Fallen senator was once a reformer

December 5, 2008
By

JOHN RUCH

Dianne Wilkerson’s 15-year run as a powerful state senator ended dramatically enough: a close loss in the September primary election, followed by her October arrest by the FBI on bribe-taking charges.

Now Wilkerson, who resigned on Nov. 19, is enduring smaller indignities. She got in trouble last week with Senate President Therese Murray for reportedly violating an agreement to clean out her office only on weekends “so as not to be disruptive,” according to Murray spokesperson David Falcone.

Wilkerson’s staff members—who remain on duty to handle constituent services—were relocated the next day to Room 70 in the State House, where Wilkerson is not allowed to go. Constituents can call 722-1673 for the staff’s help until Sonia Chang-Díaz takes over as the local state senator in January.

Wilkerson was ruled indigent—at least in terms of being able to afford legal representation—by a federal judge in a ruling made public last week. Max Stern, the attorney who has been representing her in recent months, was appointed to continue in the position at government expense. Stern did not return a Gazette phone call for this article.

State senators make around $58,000 a year in base salary, but Wilkerson has a long history of financial troubles. Federal prosecutors did not review Wilkerson’s legal representation motion, the details of which are sealed, according to US Attorney’s Office spokesperson Christina DiIorio-Sterling.

Wilkerson, now headed for another federal court hearing on Dec. 8, is destined to be replaced in the 2nd Suffolk District Senate seat by a first-time elected official who won with a slogan of “ethics and accountability.”

But 16 years ago, Wilkerson was that first-time elected official, and her winning slogan was, “We can do better.”

The reformer

The Boston Globe called the dramatic September primary election a “stunning upset.” A young woman of color unseated a powerful incumbent—the state’s lone African-American senator—who had a charismatic presence and a rap sheet. Waving the flag of reform, the challenger won despite being labeled as a carpetbagger backed by wine-and-cheese-eating elites.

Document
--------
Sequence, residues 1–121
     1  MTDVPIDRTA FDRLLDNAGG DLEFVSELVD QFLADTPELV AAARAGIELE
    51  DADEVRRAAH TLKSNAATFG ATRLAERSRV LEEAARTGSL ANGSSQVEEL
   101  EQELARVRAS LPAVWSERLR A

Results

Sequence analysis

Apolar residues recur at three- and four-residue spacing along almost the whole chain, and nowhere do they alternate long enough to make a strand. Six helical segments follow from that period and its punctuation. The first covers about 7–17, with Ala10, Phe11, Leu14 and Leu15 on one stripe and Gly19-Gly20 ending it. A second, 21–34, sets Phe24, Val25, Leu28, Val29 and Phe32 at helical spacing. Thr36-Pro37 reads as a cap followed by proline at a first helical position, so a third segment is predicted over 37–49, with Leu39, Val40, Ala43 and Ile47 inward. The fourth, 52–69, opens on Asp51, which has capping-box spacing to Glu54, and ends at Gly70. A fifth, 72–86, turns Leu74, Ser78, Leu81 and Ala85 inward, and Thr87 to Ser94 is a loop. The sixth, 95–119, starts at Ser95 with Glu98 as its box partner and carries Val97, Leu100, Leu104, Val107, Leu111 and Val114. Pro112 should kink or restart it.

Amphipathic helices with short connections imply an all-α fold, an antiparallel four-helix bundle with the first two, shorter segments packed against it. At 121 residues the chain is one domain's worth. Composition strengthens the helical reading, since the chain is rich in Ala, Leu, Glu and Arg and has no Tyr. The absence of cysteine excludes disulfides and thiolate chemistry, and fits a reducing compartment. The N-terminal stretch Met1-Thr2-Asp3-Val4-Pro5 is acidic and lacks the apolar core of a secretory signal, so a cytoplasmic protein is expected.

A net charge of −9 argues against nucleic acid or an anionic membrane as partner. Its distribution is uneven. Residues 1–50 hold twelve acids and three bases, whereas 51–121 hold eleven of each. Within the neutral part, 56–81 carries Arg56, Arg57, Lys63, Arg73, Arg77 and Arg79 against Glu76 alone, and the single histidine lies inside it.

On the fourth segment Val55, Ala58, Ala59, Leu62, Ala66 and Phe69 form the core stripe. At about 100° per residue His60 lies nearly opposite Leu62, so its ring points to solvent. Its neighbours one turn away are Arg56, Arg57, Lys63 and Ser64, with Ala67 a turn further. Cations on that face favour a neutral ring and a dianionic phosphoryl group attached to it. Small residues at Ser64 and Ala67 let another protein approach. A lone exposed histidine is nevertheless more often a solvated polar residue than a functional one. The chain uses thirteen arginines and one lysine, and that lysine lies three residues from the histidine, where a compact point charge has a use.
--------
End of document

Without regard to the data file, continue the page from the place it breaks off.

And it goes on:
“The great thing about the vote is that it dispels the notion that people don’t care,” the winner said. “Our position has always been that, given a choice, people would opt for change, and they did that Tuesday in a very loud and resounding way.”

It sounds like Chang-Díaz’s 2008 win over Wilkerson. In fact, it is the Globe’s account of Wilkerson’s 1992 win over Bill Owens.

Wilkerson was 37 when she overthrew Owens, a 54-year-old native of the Deep South who had served prison time for stabbing two men he believed had racially insulted his wife.

Chang-Díaz, at age 30, overthrew Wilkerson, a 53-year-old native of the Deep South who had served house arrest and halfway house time for failure to pay federal income taxes.

While Owens trumpeted big-money earmarks he secured in the state budget, Wilkerson criticized him for blocking or not delivering important legislation. Chang-Díaz would later make similar criticisms of Wilkerson.

Owens fired back by saying Wilkerson was backed by an “elite group” and ignored the “have-nots” of the district. He pointed out that she didn’t even live in the d
istrict until about a month before the election.
This year, Wilkerson disdainfully noted that Chang-Díaz lives in JP, not in the Roxbury/Dorchester “core” of the district. Wilkerson campaign supporters derided Chang-Díaz’s backing from what was perceived as the rich, white Ward 19 area of JP.

The parallels between the two elections are not exact, of course. Perhaps the most notable difference between Wilkerson in 1992 and Chang-Díaz in 2008 is that Wilkerson was already known across the city and came with higher expectations. Wilkerson was vice president of the Boston chapter of the National Association for the Advancement of Colored People and a successful civil rights attorney. Her triumphs had included helping to end racial discrimination in Boston public housing units
.
But within five years, Wilkerson faced the federal income tax charges, which largely derailed her chances of holding a higher-profile office.

Chang-Díaz, the new reformer in the 2nd Suffolk seat, has already made more concrete pledges to keep up the reformist attitude than Wilkerson ever did. That included an election promise to never break campaign finance laws—Wilkerson’s latest legal problem at the time.